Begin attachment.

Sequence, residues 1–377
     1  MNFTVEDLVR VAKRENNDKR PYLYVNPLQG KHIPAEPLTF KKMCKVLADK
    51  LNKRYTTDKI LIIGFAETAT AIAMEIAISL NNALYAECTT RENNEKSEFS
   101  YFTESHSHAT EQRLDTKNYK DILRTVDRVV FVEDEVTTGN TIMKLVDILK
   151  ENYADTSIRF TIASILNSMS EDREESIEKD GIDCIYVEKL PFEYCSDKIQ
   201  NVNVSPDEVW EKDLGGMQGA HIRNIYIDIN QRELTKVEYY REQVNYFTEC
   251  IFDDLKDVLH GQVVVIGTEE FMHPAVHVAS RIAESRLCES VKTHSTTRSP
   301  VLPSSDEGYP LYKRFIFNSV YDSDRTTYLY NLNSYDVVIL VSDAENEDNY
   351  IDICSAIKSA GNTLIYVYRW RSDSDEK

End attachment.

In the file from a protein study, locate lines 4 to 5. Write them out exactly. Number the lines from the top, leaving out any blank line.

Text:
   101  YFTESHSHAT EQRLDTKNYK DILRTVDRVV FVEDEVTTGN TIMKLVDILK
   151  ENYADTSIRF TIASILNSMS EDREESIEKD GIDCIYVEKL PFEYCSDKIQ